Alternate heads arise in the church because they do not trust the Holy Spirit to do a good job telling people what to do. Alternate heads also believe that they can do a better job than the Holy Spirit or at least serve as a Plan B. But believe me, if the Holy Spirit does not appear to be directing someone according to God's vision, you can't. Leadership is indeed essential, but it is not about making people go the right direction and/or excluding them if they don't. It is about going the right direction oneself in a way that gives people the most compelling example to follow. Which leads to . . .
3. The edge of emotional maturity. You've heard the tried-and-true principle that in any voluntary organization, 20% of the people do 80% of the work—a very unlocusty division of labor. This is invariably observed by the 20% doing the most work. The 20% blame the 80% for not doing their part—"I'm so tired and busy; if only those other people would take their responsibility as seriously as I take mine then things would be great and I would get rest," whine-whine-whine, etc. But in any organization like this—especially if the organization has an understood vision that ought to be compelling—the number-one reason for 80% deadbeats is the dysfunction of the hardworking 20%. That's right, 20%: it's your fault. But that's good news for you, because if it is your fault, then you have the power to change it.
Family systems theory (see related posts) posits that one kind of dysfunctional relationship is the overfunctioner-underfunctioner. Superficially, the overfunctioner appears to be with-it, put-together, successful, high-achieving, responsible, and diligent—an A-student. The underfunctioner appears to be listless, underperforming, irresponsible, lazy, and even literally sick. So we naturally assume that the underfunctioner is the one with the problem, and if he would just get his act together, everything would be fine. But what's really the problem is the relationship between the two parties, in which the overfunctioner functions both for herself and for the underfunctioner and the underfunctioner doesn't function for anyone. The overfunctioner takes responsibility for her underfunctioning partner, which the underfunctioner is willing to yield, and never gives it back. Both are miserable, and both contribute to the problem.
The thing is, at least nine times out of ten, for this situation to improve the overfunctioner deliberately has to stop functioning for the underfunctioner, no matter how much the underfunctioner whines about how uncaring and selfish the overfunctioner is. Because the underfunctioner will not take the initiative to function for himself in the face of the overfunctioner's intrusive "care" and "responsibility." What makes it so hard for the overfunctioner to pull back—indeed, what drove her to invade the underfunctioner's space in the first place—is fear of failure. She is afraid of the world collapsing if she doesn't step in. And the reason she is so anxious is she believes that if the world does collapse it will be her fault—she will take the blame. It is the fear of that personal devastation, embarassment, and loss that drives overfunctioning behavior.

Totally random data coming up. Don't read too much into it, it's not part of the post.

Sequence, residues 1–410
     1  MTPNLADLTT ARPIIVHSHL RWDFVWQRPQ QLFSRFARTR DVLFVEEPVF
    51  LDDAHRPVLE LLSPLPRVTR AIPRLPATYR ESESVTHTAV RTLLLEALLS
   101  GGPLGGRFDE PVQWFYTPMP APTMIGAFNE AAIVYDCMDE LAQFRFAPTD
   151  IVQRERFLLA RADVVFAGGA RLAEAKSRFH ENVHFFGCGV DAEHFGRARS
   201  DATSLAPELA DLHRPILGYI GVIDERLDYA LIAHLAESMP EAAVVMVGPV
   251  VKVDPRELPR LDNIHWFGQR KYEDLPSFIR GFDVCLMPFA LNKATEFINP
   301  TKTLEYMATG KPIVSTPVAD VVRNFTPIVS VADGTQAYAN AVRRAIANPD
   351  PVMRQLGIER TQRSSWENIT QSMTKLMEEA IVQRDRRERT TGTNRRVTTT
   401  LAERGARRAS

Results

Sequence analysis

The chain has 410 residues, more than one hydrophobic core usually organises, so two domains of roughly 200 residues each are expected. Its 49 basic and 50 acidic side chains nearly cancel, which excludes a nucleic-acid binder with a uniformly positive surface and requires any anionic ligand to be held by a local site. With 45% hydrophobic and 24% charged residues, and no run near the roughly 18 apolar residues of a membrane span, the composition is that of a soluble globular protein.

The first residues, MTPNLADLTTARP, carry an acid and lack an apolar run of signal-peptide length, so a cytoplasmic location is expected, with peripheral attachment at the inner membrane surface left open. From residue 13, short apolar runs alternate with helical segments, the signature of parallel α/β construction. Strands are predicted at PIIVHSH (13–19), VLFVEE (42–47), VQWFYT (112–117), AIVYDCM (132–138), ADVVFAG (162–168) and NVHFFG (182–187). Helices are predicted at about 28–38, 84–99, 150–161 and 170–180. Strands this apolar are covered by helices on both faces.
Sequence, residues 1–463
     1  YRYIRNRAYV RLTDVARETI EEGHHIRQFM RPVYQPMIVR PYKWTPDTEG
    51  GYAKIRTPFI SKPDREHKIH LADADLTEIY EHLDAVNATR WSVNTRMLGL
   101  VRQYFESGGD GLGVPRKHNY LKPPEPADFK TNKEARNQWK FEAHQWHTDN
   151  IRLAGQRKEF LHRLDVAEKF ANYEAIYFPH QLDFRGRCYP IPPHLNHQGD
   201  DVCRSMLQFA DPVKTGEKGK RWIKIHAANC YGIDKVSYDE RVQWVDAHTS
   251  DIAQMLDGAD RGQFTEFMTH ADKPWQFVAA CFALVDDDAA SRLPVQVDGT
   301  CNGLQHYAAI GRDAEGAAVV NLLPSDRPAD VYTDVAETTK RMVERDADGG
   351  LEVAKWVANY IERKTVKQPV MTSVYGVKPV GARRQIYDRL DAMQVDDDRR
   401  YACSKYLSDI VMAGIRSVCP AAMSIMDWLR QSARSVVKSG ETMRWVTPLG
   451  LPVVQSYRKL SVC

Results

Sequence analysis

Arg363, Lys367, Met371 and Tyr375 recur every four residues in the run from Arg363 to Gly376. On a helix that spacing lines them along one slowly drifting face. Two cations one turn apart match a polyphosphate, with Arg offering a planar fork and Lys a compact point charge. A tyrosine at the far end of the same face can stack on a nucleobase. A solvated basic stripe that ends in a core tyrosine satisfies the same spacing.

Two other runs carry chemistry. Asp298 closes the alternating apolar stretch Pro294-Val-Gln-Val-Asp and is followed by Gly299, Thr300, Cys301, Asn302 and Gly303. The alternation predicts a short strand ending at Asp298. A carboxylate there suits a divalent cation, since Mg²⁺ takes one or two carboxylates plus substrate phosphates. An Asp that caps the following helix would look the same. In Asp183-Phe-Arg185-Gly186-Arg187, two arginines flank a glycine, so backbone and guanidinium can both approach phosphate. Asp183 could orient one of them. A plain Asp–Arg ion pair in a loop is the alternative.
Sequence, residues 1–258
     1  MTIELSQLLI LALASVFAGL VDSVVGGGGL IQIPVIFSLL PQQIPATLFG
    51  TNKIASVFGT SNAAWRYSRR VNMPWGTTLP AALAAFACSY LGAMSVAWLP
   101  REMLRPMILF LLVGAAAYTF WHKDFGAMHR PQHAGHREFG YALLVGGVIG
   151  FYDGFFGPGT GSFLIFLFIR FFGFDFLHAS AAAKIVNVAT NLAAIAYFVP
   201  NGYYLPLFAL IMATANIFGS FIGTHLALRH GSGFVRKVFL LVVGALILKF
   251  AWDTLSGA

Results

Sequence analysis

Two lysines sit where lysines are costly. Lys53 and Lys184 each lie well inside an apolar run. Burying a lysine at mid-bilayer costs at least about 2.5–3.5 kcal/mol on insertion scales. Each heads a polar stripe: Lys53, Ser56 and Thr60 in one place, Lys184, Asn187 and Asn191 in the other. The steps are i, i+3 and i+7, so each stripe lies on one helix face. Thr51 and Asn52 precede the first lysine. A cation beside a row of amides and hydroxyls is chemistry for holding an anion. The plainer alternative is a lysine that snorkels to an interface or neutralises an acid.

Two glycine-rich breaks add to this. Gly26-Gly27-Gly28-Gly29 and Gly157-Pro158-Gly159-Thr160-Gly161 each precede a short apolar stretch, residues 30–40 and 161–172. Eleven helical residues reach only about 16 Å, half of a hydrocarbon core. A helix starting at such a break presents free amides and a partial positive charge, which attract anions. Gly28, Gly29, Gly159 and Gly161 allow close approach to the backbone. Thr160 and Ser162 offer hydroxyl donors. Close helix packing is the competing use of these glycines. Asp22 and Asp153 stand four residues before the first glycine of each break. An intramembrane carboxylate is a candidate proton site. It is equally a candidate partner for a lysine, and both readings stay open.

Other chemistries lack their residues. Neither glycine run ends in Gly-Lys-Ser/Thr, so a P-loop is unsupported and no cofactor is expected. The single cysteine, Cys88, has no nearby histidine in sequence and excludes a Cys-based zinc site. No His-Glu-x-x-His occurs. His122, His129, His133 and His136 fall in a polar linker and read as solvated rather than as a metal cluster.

If the small church is going to act with the concerted, every-member action of a swarm of locusts, then the 20% who do all the work are going to have to risk maturing, which means admitting fault and allowing things to fail, go bad, and look embarrassing if no one does them. For example, if cleaning the bathroom is someone else's job, and that person might not do their job, they are willing to risk letting the bathroom get yucky indefinitely with all the embarrassment that creates toward guests in order to compel the system to address the issue rather than rushing in as the stop-gap and allowing the cleaner to go on not cleaning.
Before concluding I'd like to point out one more thing. Notice that a locust is small, and in my comparison a church is small. Therefore if locusts are wise because they go forth in ranks without a king, then churches are wise if they go together too. See, the actual application of the principle isn't to an individual church. The application is to a swarm of churches who, though they are small, work together to do great things. I provide these "edges" above in a local-church setting because if individual churches don't learn to do it within themselves then they will never apply it working together. But it is at the associational/denominational/ecumenical/network levels that this really works. The locust swarm is what those extrachurch entities must become.
It is not our size but our wisdom that limits us. I think I'm on to something here, but we could go a lot further with it. Thoughts?